Monday, October 3, 2016

The first floating mill in America

A flour mill on boats on the Ohio River was built in 1791 by early settlers in the "Northwest Territory" due to low water and fear of attacks by Native Americans.
The image above, is an early European sketch showing two floating mills accessible to land by a wharf. Boat mills had existed for centuries, used by the Romans, and in use in Europe until fairly recently . Attached to land, the two floating mills pictured are more like the floating mill constructed 5 years later near Marrietta, Ohio on the Muskingum River (opposite fort Campus Martius) with "a substantial timber wharf for the landing of goods, and buildings for the convenience of the mill." [Hildreth, 1848]
In both cases the larger boat and structure were on the shore side for easier access by boats.  The larger boat was 45 feet long, 10 feet wide and held the grinding stones and equipment.  The smaller 5 foot boat or canoe held up the wheel.  The two were joined by the wheel and by heavy cross beams at 8 feet apart. Depending upon the water current the mill was able to grind 25-50 bushels in 24 hours.
The anchor to keep the boats in place was made of logs and filled with stones, connected to the main boat by a chain, and a grape vine held the smaller boat to the anchor.

The builders, and mill owners were interesting men.  The floating mills (and later stationary ones) were built by Capt. Jonathan Devoll (1756-1824) a ship's carpenter from RI who also constructed the fort "Farmer's Castle" barges and ships.  Griffin Greene (1749-1804) also from RI had seen some boat mills working in Holland; he was appointed to help his cousin Gen Nathaniel Greene with the Quartermaster corps during the RevWar and later became a director in the Ohio Company.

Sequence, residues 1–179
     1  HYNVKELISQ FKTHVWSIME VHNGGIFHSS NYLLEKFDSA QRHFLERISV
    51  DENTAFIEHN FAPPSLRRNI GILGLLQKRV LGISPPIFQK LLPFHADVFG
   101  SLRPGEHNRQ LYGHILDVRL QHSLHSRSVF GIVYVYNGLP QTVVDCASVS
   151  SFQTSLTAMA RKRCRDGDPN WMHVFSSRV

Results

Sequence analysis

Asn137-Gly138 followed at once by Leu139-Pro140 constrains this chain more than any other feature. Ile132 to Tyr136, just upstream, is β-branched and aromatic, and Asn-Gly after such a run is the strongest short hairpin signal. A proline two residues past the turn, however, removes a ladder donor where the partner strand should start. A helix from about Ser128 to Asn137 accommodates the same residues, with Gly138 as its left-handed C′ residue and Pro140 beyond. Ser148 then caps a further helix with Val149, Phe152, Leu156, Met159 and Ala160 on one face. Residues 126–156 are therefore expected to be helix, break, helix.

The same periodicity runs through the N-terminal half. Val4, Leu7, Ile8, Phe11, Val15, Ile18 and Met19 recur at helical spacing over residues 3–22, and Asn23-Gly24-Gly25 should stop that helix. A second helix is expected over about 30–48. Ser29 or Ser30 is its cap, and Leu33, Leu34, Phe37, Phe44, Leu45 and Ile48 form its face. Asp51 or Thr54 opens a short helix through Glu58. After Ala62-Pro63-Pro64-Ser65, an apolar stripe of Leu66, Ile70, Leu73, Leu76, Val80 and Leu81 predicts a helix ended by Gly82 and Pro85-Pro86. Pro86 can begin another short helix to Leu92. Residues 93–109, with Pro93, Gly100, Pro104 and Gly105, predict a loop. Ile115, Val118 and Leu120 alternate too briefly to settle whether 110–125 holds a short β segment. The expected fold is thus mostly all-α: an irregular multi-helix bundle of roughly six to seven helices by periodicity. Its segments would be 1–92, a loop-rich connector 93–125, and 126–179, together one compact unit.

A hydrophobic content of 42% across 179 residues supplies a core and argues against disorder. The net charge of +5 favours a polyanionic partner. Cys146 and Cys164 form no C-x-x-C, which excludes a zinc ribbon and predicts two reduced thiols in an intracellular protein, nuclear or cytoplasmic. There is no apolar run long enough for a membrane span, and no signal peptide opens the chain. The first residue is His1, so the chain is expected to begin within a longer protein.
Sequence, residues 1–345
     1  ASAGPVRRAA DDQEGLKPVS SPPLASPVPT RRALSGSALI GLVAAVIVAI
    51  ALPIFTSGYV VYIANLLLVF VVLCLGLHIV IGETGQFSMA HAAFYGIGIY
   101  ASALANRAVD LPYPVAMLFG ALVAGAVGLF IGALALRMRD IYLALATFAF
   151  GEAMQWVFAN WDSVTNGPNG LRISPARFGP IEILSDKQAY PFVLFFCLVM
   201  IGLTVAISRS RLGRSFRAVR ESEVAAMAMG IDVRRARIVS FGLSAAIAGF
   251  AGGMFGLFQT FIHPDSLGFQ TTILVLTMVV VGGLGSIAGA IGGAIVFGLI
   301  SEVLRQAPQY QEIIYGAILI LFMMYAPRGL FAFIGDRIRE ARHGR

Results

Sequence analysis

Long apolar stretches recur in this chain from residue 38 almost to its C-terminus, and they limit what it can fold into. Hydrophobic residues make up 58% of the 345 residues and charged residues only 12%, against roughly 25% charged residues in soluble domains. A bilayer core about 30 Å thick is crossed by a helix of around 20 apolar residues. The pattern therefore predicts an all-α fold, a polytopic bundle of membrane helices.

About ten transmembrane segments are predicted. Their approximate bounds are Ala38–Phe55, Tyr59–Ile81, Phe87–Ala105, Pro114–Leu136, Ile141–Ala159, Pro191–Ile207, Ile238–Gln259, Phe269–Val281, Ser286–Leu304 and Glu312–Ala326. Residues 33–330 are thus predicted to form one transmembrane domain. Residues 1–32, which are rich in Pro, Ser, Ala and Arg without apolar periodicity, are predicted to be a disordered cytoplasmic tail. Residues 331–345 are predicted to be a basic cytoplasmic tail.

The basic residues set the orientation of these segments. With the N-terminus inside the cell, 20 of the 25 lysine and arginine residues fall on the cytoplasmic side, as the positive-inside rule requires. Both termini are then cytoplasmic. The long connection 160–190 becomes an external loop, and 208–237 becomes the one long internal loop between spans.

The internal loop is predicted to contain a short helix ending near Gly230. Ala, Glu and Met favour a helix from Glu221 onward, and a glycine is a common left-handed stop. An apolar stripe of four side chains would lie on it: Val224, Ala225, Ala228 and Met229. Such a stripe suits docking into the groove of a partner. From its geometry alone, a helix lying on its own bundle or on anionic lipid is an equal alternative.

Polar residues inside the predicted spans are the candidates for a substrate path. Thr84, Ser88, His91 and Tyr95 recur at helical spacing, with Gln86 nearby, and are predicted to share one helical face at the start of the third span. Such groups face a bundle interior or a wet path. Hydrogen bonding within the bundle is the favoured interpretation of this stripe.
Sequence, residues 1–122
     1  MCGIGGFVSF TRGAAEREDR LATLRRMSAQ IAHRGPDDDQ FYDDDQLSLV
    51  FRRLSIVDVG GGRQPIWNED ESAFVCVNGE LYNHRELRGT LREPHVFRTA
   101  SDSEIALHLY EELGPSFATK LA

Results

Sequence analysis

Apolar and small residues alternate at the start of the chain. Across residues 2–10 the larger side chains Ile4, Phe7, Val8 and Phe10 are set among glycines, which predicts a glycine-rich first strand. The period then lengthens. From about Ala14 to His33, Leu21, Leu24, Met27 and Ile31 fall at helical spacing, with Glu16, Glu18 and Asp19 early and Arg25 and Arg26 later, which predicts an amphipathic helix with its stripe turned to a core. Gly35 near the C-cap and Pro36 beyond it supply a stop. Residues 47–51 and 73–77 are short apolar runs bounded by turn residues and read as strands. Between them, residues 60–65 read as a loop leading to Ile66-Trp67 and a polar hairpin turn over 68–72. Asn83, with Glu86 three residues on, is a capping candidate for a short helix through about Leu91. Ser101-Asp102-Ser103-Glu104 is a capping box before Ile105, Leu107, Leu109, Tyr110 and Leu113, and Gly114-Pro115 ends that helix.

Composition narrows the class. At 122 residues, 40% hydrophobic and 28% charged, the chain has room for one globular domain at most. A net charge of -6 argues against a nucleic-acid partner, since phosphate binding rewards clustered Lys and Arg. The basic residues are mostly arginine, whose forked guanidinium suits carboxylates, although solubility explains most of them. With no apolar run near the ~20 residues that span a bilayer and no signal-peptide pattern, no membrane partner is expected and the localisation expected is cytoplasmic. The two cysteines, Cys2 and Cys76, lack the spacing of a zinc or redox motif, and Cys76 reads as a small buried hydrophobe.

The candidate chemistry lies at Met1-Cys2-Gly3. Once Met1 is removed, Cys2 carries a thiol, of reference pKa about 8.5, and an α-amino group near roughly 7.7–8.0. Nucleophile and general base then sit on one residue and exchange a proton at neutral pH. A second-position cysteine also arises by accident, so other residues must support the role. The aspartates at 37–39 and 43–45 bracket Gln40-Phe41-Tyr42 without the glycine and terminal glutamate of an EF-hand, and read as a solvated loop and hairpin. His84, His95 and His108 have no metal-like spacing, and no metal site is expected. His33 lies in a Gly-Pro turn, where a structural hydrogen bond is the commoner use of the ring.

That year,1791, Chief Little Turtle led 1,000 Native American troops to defeat the cavalry, one reason the mill on boats was set in the middle of the Ohio River with an anchor of logs and stones. Chief Little Turtle would visit his friend George Ellicott - cousin of the surveyor Andrew Ellicott (who wrote about the floating mill in 1796, below) - at his home in Ellicott's mills in 1807.  Mad Anthony Wayne would defeat the confederation.

Belpre mill 1791 -
"The mill was erected on two boats; one of them being five, the other ten feet wide and forty-five feet long. The smaller one was a pirogue made of the trunk of a large hollow sycamore tree, and the larger of timber and plank like a fiat-boat. The boats were placed eight feet apart and fastened firmly together by heavy cross beams covered with oak planks. The smaller boat on the outside supported one end of the waterwheel, and the larger boat the other, in which was placed the millstones and running gear covered with a light frame building or mill-house for the protection of machinery, meal, and miller. The space between the boats was covered with planks, forming a deck fore and aft of the waterwheel. This wheel was turned by the natural current of the water and was put in motion or stopped by pulling up or pushing down a set of boards, similar to a gate in front of the wheel. It could grind, according to the strength of the current, from twenty-five to fifty bushels of grain in twenty-four hours. The larger boat was fastened by a chain cable to an anchor made of timbers and filled with stones, and the smaller one was fastened by a grapevine to the same anchor, and thus independent of the shore could the mill operate. It was placed in a rapid portion of the Ohio about the middle of Backus, now Blennerhassett Island, a few rods from the shore and in sight of the castle [a fort named Farmer's Castle, below]. The current here was strong and the position safe from the Indians. With the aid of a bolting-cloth [to sift] in the garrison [fort] very good flour was made." [History]